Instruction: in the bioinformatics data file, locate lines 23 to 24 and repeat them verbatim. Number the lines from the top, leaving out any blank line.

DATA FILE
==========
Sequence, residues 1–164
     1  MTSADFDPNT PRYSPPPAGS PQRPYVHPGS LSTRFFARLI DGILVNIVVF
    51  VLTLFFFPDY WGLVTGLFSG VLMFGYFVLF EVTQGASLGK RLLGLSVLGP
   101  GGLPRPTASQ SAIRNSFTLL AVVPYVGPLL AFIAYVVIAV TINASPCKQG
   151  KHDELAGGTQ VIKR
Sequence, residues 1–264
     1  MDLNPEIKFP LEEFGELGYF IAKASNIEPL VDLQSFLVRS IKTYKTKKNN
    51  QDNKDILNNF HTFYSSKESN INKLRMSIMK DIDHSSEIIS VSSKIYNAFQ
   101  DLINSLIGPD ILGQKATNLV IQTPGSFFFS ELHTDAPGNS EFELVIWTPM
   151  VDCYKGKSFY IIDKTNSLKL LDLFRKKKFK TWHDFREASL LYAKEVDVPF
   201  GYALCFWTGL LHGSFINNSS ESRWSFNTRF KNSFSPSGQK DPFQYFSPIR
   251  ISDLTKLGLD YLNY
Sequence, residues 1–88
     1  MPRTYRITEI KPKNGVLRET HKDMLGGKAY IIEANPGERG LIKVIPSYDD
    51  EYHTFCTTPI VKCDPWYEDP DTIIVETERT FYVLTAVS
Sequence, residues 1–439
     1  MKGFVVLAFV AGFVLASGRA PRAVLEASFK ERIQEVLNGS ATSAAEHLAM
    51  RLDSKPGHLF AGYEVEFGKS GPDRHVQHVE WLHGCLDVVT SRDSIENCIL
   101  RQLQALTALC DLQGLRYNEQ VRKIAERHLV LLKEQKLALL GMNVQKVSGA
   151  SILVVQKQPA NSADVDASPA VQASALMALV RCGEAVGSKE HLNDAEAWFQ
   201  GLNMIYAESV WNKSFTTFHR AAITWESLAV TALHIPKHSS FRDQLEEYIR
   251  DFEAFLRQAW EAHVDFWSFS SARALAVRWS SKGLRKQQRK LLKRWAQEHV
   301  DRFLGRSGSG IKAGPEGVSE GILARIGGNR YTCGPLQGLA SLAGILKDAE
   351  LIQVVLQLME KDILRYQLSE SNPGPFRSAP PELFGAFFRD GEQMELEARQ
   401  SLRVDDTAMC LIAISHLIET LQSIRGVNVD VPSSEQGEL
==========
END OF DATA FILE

   301  DRFLGRSGSG IKAGPEGVSE GILARIGGNR YTCGPLQGLA SLAGILKDAE
   351  LIQVVLQLME KDILRYQLSE SNPGPFRSAP PELFGAFFRD GEQMELEARQ